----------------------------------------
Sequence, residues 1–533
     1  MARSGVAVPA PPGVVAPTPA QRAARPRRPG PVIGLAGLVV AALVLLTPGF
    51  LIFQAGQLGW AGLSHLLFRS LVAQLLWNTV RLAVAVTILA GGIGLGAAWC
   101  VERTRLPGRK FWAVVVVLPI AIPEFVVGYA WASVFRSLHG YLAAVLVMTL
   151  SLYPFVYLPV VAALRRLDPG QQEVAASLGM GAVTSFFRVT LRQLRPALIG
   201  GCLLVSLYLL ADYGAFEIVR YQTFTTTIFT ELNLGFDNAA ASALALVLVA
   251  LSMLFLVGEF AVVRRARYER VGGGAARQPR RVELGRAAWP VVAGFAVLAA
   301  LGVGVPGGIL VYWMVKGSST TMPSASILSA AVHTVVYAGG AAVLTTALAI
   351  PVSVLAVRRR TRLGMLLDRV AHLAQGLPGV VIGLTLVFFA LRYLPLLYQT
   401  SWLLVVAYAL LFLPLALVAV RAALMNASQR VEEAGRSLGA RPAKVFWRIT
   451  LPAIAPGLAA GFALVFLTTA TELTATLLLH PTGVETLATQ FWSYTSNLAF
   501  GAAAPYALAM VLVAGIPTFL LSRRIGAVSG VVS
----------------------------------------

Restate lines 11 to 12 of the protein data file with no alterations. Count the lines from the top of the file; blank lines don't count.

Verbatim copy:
   451  LPAIAPGLAA GFALVFLTTA TELTATLLLH PTGVETLATQ FWSYTSNLAF
   501  GAAAPYALAM VLVAGIPTFL LSRRIGAVSG VVS